A documentary about cowgirl poet Georgie Sicking, who, according to the press release, "pens tough rhymes for hard times." Hey! Even the press release rhymes! A selection of the Northwest Film & Video Festival. (Erik Henriksen) Guild Theater
Sacrifice and Redemption
Some of these shorts fall short of their mark, but the ones that make it are perfect little morsels of film. The worst of them try to pack a full narrative story into 15 minutes, and usually end up overdramatic and very quiet--these ones are too long to be shorts, too short to be longs. Highlights include a meticulously arranged puppetry work about a contortionist, a frenetic animation with a lot of sports images and gamelan music, a mini-doc about a guy who reacted to a shopping-mall lawsuit with a contentious website, and still-startling footage of a San Francisco film student shooting a hole in his foot in protest of Vietnam. A selection of the Northwest Film & Video Festival. (Evan James) Guild Theater
First time director and sicko James Wan's Saw is in the same vein as Seven, about an evil, maniacal fuck who's out to teach people a lesson. While the film succeeds in scaring the living shit out of you, it does have some failures--including a bunch of characters you don't care about, a predictable if not entirely obvious ending, and a tendency to take the carnage so far that you might end up laughing. (Katie Shimer) Regal Cinemas, etc.
Seed of Chucky
The killer doll Chucky (voiced by Brad Dourif) and his bride Tiffany (voiced by Jennifer Tilly) meet up with their offspring, Glen (voiced by Lord of the Rings' adorable hobbit Billy Boyd), and the real-life Jennifer Tilly (the real-life Jennifer Tilly). And then--just when you think things can't get any worse--John Waters shows up. Shockingly, this film wasn't screened for critics, but watch for our film short next week. Regal Cinemas, etc.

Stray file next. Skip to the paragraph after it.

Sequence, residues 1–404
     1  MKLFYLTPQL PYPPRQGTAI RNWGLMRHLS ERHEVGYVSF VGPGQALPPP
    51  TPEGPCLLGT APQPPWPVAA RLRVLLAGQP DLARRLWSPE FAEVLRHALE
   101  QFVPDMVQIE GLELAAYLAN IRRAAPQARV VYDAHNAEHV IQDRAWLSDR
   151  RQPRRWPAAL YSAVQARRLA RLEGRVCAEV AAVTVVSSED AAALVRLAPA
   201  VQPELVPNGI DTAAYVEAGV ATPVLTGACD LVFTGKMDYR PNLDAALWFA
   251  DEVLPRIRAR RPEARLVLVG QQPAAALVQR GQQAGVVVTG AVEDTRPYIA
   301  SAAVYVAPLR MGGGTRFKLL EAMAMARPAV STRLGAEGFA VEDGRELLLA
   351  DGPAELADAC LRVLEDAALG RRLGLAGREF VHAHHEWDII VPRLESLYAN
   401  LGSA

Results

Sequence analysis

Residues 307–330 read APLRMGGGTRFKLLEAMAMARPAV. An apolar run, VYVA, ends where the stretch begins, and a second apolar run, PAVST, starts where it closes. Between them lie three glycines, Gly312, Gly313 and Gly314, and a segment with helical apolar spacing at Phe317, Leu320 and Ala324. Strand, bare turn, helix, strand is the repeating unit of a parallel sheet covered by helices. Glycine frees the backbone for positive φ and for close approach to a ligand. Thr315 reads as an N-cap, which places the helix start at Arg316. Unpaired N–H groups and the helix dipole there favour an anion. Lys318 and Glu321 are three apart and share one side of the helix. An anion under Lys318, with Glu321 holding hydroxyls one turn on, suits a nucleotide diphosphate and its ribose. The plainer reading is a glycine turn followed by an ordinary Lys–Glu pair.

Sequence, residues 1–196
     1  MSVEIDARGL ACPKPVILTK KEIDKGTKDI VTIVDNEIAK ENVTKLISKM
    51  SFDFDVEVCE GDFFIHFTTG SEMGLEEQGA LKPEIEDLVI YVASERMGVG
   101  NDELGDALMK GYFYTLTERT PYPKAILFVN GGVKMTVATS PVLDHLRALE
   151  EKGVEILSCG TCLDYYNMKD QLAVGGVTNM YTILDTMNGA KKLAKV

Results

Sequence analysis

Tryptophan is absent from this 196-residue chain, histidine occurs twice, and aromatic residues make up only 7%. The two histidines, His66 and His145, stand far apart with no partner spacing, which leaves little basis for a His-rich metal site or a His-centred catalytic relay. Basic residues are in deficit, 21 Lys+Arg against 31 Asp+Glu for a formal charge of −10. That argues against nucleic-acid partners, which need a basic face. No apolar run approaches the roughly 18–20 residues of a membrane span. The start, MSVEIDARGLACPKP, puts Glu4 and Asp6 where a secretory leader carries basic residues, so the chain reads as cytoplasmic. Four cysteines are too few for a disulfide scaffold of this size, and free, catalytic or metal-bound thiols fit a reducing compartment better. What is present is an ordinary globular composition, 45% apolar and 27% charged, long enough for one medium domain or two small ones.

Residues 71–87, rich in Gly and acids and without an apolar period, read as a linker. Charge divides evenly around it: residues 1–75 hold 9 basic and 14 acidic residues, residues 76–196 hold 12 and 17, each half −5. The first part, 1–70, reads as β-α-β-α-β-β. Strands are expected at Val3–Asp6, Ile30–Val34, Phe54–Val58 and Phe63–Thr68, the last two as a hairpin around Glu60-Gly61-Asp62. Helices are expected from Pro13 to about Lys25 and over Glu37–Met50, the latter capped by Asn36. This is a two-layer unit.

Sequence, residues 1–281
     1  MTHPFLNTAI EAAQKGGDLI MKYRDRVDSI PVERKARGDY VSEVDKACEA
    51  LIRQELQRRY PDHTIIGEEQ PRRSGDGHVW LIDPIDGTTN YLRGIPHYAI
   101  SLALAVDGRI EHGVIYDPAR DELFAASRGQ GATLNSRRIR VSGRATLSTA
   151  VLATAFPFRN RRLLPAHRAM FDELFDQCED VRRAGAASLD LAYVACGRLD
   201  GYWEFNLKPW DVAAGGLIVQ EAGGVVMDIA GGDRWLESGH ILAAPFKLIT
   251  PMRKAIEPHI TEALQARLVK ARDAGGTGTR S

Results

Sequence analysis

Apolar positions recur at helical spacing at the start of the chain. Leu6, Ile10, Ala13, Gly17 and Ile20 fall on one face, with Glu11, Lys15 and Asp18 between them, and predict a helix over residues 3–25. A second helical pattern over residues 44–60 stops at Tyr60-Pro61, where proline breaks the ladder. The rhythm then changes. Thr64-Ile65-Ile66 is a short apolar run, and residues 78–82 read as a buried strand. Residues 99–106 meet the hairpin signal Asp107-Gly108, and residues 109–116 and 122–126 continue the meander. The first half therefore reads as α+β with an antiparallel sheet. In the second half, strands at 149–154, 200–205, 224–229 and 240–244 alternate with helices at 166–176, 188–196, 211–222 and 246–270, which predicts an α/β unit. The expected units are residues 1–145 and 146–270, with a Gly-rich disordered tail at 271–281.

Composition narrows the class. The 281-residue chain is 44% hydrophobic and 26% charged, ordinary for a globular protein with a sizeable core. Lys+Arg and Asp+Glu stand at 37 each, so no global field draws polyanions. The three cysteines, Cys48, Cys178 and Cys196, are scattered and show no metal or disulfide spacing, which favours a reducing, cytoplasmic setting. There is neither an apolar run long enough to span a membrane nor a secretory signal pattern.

An installation-based video showcase, brought to you by the Northwest Film & Video Festival. Backspace
Shall We Dance?
A good dancing movie is like a porno you can watch with your mom--hot young things dry hump to sexy music, usually followed by a makeout session that tastefully fades to black, allowing your dance-fevered imagination to fill in the blanks. Shall We Dance?, however, substitutes "washed-up actor" and "singer with more ass than talent" for "hot young things," resulting in perhaps the most un-watchable dancing movie ever. As far as emetics go, next time I'll just shove my finger down my throat. (Alison Hallett) Regal Cinemas, etc.
While the unfunny, clumsy, and migraine-inducing Shark Tale is sure to rake in countless billions in tickets and merchandise, it's more useful as a punishment for children: "Well, I was going to take you to The Incredibles... but since you didn't clean your room, I guess it'll have to be Shark Tale." "Nooooooo! Anything but that, Mom!" (Erik Henriksen) Regal Cinemas, etc.
* Shaun of the Dead
A sharp, clever, and gory horror-comedy that manages to be as scary as it is hilarious, Edgar Wright and Simon Pegg's Shaun of the Dead shows all the marks of becoming a classic (and yeah, I know that sounds clichéd--but in this case, it's actually true). (Erik Henriksen) Broadway Metroplex, Century Eastport 16, Kennedy School, Laurelhurst, Mission Theater, Movies on TV, St. Johns Pub